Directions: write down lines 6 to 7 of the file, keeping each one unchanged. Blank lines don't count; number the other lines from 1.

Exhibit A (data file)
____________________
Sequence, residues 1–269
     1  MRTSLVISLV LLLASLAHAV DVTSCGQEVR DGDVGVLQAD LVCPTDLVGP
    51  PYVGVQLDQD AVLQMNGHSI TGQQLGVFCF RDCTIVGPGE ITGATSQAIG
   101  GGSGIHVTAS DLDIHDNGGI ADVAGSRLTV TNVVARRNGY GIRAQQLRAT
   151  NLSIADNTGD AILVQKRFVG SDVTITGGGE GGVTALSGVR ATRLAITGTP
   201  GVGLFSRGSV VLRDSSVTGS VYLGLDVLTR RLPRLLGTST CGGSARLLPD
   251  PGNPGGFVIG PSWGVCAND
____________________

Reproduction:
   201  GVGLFSRGSV VLRDSSVTGS VYLGLDVLTR RLPRLLGTST CGGSARLLPD
   251  PGNPGGFVIG PSWGVCAND